By now I’d just about thrown my early assumptions out those plate glass windows. The entrees cemented my about-face.

Cod, chicken, pasta – three very different main courses, but at Artemisia, all variations on the same theme: basic ingredients, flawlessly prepared and distinguished by dazzles of intense flavor. Roasted Casco Bay cod ($22) – crispy outside, moist within – sat atop a mound of corn, summer squash and sliced red and yellow peppers, a seasonal ode to summer’s end. The sugars in the corn and the peppers heightened the natural sweetness of the fish. (Slices of hearty bread from Standard Baking Co., just a few blocks away, worked nicely to mop up the juices.) Grilled chicken ($19), often a yawner, was paired with a vivid arugula pesto, which added an irresistible peppery bite to the plain breast meat. And chef Guy Frenette’s penchant for flashes of flavor was clear in the dribble of aromatic truffle oil that elevated a classic combination of pasta, lobster, peas and cream ($18).

That last dish appeared on the menu as lumachine, a shell-shaped Italian pasta named for its resemblance to little snails, our waitress explained. “It’s the kind of dish I never want to end,” one friend said as he mournfully scraped the last bit of lobster and pasta onto his fork.


Frenette, who describes his cooking style at Artemisia as “tried and true food with confidence,” cooked in Maine in the 1990s, then left for California, where for a decade or so he honed his craft under acclaimed chef and restaurateur Paul Bertolli (of Oliveto, Chez Panisse and co-author with Alice Waters of “Chez Panisse Cooking”). Frenette’s wife, Heather Neville, evening front of house manager at Artemisia, was a manager at Chez Panisse. The couple returned to Maine in 2012. Like both Bertolli and Waters, Frenette is a champion of fresh, flavorful cooking.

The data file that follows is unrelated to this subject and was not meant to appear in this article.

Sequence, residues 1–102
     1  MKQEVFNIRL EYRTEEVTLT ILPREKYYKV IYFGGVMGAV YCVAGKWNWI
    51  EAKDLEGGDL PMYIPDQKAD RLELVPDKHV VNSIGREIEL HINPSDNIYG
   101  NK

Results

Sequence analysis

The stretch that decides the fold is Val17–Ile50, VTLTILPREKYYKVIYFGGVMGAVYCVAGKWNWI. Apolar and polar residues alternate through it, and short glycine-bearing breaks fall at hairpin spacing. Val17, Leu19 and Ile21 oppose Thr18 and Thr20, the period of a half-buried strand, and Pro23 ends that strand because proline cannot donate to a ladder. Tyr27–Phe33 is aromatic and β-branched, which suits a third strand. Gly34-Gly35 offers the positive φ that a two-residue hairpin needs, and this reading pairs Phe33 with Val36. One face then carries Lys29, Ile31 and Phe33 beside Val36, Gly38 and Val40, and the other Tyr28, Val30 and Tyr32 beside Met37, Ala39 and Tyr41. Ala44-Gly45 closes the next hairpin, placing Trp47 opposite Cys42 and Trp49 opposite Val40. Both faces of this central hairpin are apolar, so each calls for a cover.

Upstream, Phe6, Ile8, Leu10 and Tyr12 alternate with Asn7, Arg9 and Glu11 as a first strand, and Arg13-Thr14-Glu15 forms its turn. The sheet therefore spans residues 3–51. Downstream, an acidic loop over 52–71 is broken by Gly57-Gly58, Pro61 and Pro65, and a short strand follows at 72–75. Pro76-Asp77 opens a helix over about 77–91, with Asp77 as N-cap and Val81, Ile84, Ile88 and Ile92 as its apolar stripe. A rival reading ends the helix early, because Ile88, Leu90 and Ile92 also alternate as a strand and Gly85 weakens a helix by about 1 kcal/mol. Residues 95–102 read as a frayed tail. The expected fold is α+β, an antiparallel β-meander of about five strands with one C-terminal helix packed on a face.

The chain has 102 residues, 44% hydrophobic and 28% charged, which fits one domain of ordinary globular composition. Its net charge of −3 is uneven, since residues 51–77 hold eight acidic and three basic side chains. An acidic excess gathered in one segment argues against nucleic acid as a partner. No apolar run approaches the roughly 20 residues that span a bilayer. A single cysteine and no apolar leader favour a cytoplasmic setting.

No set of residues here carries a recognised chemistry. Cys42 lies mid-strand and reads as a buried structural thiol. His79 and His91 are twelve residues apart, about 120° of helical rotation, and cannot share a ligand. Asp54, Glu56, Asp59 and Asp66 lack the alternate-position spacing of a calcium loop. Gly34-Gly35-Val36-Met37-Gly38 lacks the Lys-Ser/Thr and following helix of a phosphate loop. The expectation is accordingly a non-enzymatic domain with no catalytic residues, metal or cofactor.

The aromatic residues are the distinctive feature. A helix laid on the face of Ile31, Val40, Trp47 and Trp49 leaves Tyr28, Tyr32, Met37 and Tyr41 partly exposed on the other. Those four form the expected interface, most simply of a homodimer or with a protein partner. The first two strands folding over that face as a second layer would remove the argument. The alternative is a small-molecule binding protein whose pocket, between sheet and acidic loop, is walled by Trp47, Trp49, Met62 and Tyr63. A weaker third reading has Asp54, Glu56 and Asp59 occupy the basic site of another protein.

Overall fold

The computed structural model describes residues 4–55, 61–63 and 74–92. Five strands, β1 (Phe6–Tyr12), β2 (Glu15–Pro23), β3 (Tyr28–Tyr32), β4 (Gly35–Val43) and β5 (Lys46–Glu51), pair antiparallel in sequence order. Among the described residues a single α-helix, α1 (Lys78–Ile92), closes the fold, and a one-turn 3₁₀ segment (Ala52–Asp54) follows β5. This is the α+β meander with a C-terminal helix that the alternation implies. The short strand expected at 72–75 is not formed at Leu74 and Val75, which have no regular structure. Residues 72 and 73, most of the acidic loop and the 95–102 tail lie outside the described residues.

When was the last time you went out to dinner and every person at the table raved? That’s what happened at Artemisia – three different appetizers, three different entrees, three contented diners. The portions were generous and satisfying, the blend of flavors consistently surprising. And the cooking – whether the supple texture of that octopus or the crispy skin on the chicken – proved both assured and precise. And in an era of restaurant price creep, when entrees routinely veer well north of $25, Artemisia’s prices were reasonable. That’s a smart move for a neighborhood eatery trying to build a base of loyal dinner patrons.

I wish I could say that we also gushed over every item on the dessert menu, but the sweets paled in comparison to the rest of the meal. A bowl of sea salt caramel gelato was store-bought from Talenti, and the accompanying zeppoli, ideally light morsels of fried dough with a blanket of powdered sugar, were heavy. Dessert, alas, was the one weak spot in an otherwise memorable meal, but given the rest, it seemed almost incidental.

On the way to the car I could hear mom’s warning about books and their covers ringing in my ears, but then I had a compensating thought: Being wrong never tasted so good.

James Schwartz has written about food, travel and architecture for several national magazines and newspapers.